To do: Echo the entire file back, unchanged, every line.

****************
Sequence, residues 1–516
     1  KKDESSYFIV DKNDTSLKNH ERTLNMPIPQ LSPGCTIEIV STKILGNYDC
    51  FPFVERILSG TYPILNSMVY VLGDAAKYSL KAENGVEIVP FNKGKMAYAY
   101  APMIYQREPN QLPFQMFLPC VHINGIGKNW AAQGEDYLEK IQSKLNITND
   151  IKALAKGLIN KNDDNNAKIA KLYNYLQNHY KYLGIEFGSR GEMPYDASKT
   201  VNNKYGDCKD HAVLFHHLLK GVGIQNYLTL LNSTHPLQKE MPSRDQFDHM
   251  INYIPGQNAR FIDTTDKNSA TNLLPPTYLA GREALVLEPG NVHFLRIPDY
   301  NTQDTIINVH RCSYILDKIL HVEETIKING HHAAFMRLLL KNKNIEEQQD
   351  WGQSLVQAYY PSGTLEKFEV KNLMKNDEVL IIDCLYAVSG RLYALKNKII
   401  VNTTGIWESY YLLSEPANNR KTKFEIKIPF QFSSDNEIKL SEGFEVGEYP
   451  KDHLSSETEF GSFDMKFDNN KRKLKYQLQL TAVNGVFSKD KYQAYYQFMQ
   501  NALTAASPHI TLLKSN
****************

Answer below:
Sequence, residues 1–516
     1  KKDESSYFIV DKNDTSLKNH ERTLNMPIPQ LSPGCTIEIV STKILGNYDC
    51  FPFVERILSG TYPILNSMVY VLGDAAKYSL KAENGVEIVP FNKGKMAYAY
   101  APMIYQREPN QLPFQMFLPC VHINGIGKNW AAQGEDYLEK IQSKLNITND
   151  IKALAKGLIN KNDDNNAKIA KLYNYLQNHY KYLGIEFGSR GEMPYDASKT
   201  VNNKYGDCKD HAVLFHHLLK GVGIQNYLTL LNSTHPLQKE MPSRDQFDHM
   251  INYIPGQNAR FIDTTDKNSA TNLLPPTYLA GREALVLEPG NVHFLRIPDY
   301  NTQDTIINVH RCSYILDKIL HVEETIKING HHAAFMRLLL KNKNIEEQQD
   351  WGQSLVQAYY PSGTLEKFEV KNLMKNDEVL IIDCLYAVSG RLYALKNKII
   401  VNTTGIWESY YLLSEPANNR KTKFEIKIPF QFSSDNEIKL SEGFEVGEYP
   451  KDHLSSETEF GSFDMKFDNN KRKLKYQLQL TAVNGVFSKD KYQAYYQFMQ
   501  NALTAASPHI TLLKSN